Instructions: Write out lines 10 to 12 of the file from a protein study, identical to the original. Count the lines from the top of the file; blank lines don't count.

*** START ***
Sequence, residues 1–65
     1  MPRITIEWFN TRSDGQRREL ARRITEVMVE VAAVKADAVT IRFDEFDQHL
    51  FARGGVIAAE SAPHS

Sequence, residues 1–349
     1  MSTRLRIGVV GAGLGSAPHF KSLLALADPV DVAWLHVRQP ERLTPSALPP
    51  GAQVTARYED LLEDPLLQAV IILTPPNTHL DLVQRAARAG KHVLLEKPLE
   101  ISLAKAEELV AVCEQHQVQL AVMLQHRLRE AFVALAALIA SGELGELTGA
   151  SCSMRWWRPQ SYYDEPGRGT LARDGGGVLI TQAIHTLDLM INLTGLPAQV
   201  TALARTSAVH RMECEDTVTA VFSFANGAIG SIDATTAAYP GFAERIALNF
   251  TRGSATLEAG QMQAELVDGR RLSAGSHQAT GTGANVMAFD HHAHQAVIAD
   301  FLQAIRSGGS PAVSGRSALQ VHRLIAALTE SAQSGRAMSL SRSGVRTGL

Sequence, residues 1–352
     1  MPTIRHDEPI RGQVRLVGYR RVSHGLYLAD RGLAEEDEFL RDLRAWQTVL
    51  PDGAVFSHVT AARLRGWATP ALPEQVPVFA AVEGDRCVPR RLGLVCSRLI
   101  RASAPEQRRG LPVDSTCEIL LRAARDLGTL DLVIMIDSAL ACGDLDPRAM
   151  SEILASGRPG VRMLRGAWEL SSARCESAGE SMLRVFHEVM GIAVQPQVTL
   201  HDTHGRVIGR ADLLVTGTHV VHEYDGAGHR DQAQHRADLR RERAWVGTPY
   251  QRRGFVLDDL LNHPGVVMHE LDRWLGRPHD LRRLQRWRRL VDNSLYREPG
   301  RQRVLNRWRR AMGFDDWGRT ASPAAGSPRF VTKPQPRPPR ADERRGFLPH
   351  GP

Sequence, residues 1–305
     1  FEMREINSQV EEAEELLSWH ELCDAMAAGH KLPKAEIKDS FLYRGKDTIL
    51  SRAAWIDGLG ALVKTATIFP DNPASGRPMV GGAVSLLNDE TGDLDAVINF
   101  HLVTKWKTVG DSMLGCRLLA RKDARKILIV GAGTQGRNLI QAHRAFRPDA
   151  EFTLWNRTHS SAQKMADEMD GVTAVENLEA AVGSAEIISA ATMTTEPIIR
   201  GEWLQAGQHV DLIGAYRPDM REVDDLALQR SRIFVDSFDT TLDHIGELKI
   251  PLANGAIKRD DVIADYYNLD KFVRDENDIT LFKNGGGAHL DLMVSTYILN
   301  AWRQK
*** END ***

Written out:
   251  TRGSATLEAG QMQAELVDGR RLSAGSHQAT GTGANVMAFD HHAHQAVIAD
   301  FLQAIRSGGS PAVSGRSALQ VHRLIAALTE SAQSGRAMSL SRSGVRTGL

Sequence, residues 1–352